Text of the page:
Purple and blue background. On the left is a picture of Playable Worlds CEO, Raph Koster, inside of a circular border. On the right, text reads: Riffs by Raph: Player-driven economies

Here at Playable Worlds we want to build online worlds where you can play in many ways, and that actually feel like real online communities.

What does it take to get there? Well, if you look at how online worlds have evolved, they seem to have fallen into a few templates.

There’s the “oldschool” way, where you need to build a team of highly trusted fellow players who practice together and play together regularly, often for long sessions that are hard to schedule… and the game is pretty much kill loot upgrade your killing kill kill kill.

Or there’s the “play alone together” model, where players basically solo their way through a series of quests, each running on parallel tracks, seeing each other, but rarely mutually dependent. Usually, you run out of the tracks the developers laid, and the game abruptly shifts to one of the other kinds.

Lastly, of course, there’s the “kill everyone that moves” version… we’re not interested in building a “gankbox,” as some call it, so I won’t dwell on that one much!

None of these particularly caters to the full range of players who are vital to an MMO’s success: the ones who spend hours writing strategy guides, the ones who map every inch of the world, the ones who roleplay and give the world its color, the ones who do all the emotional labor of keeping guilds running… you know, the players who make the world come alive.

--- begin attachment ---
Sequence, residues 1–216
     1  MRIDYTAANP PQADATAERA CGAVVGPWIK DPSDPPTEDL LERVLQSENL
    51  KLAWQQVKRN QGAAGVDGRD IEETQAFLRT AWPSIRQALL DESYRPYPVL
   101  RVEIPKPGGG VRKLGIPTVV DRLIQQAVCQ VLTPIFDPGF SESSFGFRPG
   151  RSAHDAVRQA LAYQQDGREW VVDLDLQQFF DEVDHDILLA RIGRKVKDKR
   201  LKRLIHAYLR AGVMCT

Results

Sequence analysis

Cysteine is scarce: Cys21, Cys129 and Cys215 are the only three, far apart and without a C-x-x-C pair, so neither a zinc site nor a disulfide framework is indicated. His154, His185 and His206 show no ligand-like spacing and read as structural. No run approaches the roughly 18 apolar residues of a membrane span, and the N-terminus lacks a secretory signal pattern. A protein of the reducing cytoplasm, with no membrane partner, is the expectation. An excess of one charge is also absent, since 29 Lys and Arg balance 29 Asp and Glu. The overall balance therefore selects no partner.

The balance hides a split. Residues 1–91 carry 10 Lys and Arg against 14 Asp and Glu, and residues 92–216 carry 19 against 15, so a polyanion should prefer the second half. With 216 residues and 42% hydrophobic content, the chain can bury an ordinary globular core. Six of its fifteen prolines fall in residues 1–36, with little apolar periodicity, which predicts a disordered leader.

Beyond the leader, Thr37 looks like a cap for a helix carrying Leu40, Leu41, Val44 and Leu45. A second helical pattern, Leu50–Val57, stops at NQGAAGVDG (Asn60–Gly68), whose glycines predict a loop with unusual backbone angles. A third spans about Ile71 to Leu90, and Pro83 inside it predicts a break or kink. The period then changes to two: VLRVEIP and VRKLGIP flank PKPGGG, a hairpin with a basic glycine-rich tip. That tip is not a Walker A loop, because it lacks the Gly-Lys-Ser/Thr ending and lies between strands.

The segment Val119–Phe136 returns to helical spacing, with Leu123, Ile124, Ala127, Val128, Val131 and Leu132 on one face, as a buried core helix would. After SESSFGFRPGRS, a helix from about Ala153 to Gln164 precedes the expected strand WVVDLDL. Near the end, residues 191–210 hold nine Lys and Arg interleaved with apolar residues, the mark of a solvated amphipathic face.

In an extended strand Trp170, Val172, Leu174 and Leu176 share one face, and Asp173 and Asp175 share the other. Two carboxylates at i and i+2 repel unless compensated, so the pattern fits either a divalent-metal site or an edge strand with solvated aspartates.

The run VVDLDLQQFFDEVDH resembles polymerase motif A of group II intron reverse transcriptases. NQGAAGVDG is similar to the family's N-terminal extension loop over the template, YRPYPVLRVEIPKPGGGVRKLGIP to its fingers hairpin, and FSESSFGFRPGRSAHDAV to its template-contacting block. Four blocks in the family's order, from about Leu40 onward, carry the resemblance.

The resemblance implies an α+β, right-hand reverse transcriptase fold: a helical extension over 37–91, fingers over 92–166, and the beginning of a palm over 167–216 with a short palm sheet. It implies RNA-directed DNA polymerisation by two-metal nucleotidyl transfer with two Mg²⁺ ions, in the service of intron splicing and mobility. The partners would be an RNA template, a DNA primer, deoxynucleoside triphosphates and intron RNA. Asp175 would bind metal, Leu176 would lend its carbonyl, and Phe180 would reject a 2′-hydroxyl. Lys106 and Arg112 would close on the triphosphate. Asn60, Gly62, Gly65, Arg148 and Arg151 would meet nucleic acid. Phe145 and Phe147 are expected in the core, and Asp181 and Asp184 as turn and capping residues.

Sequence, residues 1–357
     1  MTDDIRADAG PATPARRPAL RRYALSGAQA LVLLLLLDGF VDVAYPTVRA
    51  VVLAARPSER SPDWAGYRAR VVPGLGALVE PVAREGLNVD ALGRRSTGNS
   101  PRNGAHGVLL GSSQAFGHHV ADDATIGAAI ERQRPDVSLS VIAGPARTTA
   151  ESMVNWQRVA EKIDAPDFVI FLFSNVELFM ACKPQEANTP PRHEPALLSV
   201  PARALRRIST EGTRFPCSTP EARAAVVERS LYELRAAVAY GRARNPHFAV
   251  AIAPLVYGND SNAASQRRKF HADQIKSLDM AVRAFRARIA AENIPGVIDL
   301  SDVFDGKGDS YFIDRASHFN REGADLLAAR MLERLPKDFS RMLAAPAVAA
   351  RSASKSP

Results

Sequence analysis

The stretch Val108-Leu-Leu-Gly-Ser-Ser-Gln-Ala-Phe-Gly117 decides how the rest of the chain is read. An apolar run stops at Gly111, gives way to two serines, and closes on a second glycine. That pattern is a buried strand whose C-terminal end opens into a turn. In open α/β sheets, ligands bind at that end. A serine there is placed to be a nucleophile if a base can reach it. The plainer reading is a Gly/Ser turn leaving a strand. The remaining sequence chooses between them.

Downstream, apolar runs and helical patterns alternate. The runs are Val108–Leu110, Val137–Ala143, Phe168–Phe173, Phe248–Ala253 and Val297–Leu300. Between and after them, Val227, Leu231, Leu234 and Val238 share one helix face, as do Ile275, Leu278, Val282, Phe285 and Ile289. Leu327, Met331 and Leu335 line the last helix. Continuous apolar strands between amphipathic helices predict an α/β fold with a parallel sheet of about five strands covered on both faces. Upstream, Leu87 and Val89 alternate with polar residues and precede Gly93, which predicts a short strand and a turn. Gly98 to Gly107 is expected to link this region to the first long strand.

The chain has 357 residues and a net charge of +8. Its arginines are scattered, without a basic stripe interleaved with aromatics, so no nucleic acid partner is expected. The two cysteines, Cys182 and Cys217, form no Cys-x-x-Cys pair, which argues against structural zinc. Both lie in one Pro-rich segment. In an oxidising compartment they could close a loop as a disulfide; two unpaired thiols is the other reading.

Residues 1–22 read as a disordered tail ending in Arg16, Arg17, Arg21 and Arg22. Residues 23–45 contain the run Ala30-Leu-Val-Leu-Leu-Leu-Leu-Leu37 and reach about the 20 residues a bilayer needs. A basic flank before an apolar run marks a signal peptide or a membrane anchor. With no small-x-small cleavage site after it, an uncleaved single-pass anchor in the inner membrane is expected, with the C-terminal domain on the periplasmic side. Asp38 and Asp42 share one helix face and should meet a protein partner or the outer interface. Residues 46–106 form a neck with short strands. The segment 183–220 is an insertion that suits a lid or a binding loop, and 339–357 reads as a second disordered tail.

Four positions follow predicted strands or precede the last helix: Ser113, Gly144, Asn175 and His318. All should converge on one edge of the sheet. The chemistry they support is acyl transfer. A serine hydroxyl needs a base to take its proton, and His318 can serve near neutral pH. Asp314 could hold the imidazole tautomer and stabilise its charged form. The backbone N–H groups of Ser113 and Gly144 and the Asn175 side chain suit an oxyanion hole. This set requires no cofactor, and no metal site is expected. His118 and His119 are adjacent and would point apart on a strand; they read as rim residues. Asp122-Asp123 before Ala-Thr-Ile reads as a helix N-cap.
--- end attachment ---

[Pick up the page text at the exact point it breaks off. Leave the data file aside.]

In fact, the game basically punishes those players by omission! Time spent doing those incredibly valuable things is time not spent popping XP bags for levels or collecting the six foozles for your latest quest giver. And that means these players fall behind their friends.

We believe that players should not have to choose between a team game and a solo game with other people around. We shouldn’t have to pick between worlds that are only about combat and worlds that are basically giant narrative quest chains.

I don’t really know my plumber well. I’ve never invited him to my birthday party. He has never had me over to dinner. I know his first and last name, but none of his secrets. I mean, I won’t ask my plumber to help me bury a body, but I trust him not to flood my house!

And yet, the relationship I have had with this plumber is longer than some working relationships I’ve had, longer than some friendships I have had. It’s an important connection, because when I need the help of a plumber I trust, I know who to call.

Weirdly, the reason why I have that level of trust in him is because I pay him.

Psychologists have studied the levels of trust and intimacy – and we can use these for game design! Gankbox games are worlds of no trust, soloable games are low trust, and team-based games are high trust. But a game made for one narrow band of the human experience is inevitably going to burn its players out for one reason or another.

What is crucial is being able to move up and down that ladder, and for that, you need systems that enable and encourage different levels of relationship. And for millennia now, real human societies have used an invention called “currency” for that.